B.C. Health Ministry settles with another fired researcher and still refuses to answer questions

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The B.C. Ministry of Health is refusing to answer questions about what mistakes it admits it made in the firing of a senior researcher in September 2012.

According to an August 25 media release, the health ministry has settled claims made by Ron Mattson, who was previously suing the government for wrongful dismissal and breach of contract, and suing for defamation both the province and then health minister Margaret MacDiarmid.

“The government advises that its decision to terminate Mr. Mattson was a regrettable mistake,” the press release states. “The government regrets any hardship and possible loss of reputation which Mr. Mattson endured.”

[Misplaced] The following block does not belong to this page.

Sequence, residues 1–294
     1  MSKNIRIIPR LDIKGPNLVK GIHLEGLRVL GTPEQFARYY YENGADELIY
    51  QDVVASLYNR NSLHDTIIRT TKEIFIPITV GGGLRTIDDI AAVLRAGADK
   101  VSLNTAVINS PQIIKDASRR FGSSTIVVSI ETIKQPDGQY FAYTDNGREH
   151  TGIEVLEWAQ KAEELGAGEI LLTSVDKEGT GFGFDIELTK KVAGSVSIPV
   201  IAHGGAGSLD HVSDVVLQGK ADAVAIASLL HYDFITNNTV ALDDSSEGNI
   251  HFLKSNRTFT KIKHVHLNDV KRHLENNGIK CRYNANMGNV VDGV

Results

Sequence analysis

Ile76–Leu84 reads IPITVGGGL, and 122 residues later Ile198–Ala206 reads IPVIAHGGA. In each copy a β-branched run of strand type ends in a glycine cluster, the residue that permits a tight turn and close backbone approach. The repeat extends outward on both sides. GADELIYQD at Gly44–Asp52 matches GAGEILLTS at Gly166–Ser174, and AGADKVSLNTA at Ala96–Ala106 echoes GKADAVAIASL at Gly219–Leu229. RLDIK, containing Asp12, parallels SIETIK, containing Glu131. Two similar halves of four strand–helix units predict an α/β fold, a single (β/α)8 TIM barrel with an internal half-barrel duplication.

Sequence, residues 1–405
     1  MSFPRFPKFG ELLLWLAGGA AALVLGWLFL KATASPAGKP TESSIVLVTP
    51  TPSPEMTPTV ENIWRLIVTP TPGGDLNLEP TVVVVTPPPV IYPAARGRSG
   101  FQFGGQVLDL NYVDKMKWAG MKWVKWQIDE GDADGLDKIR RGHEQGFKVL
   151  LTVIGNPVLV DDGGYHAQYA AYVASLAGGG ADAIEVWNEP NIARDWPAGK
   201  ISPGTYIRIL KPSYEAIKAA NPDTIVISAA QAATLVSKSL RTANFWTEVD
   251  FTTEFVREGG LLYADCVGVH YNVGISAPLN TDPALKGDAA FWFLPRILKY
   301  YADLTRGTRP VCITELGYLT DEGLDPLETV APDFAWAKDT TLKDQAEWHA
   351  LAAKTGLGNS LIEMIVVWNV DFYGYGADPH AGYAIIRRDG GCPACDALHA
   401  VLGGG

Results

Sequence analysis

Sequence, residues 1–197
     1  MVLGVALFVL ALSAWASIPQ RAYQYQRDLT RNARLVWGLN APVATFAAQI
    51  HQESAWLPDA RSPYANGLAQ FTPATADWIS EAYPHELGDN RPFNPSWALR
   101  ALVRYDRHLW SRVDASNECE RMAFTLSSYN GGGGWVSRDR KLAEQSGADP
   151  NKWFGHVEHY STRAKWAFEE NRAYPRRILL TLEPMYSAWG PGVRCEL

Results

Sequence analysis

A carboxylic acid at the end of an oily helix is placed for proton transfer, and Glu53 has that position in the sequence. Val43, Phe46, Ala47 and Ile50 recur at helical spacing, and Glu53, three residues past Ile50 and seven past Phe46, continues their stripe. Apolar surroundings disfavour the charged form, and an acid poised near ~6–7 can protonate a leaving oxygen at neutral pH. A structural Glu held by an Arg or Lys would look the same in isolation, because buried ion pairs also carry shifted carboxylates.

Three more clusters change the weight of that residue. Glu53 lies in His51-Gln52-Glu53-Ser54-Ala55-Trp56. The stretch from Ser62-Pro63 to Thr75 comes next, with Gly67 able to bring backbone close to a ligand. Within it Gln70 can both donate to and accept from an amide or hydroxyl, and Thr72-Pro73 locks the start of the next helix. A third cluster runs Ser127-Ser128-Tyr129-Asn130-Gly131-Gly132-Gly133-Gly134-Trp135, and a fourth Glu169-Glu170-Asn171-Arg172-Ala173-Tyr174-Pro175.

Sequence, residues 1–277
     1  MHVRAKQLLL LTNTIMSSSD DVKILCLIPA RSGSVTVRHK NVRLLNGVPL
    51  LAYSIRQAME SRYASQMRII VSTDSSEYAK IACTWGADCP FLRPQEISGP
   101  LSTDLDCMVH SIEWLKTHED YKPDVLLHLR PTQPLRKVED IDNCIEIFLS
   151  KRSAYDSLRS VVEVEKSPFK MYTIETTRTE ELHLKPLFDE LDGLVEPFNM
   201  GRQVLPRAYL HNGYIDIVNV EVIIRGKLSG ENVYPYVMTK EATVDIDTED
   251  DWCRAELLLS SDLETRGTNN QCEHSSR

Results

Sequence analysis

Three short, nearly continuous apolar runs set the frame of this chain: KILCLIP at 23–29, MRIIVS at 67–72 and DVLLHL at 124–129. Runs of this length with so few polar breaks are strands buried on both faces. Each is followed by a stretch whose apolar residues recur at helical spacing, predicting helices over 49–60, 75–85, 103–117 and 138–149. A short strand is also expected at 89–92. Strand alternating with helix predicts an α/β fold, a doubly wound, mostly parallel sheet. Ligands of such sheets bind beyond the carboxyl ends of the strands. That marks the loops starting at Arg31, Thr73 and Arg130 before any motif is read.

In a telephone call, Kristy Anderson, a spokesperson for the ministry, said the government would not be doing interviews or divulging additional information beyond what is presented in that statement.

The release provides no details related to the mistake of firing Mattson, who at the time of his dismissal was a manager of policy and special programs for the province’s PharmaCare division and a government employee of 28 years.

Mattson is the third former health-care worker with whom the province has reached a settlement to end lawsuits filed in response to a round of firings that occurred through 2012.

Deputy health minister Stephen Brown (right) recently welcomed back Dr. Malcom Maclure, who was previously suing the ministry for wrongful dismissal after being fired in 2012.
Government of B.C.

On July 23, the Straight reported that Dr. Malcolm Maclure joined Robert Hart as the second researcher to return to work.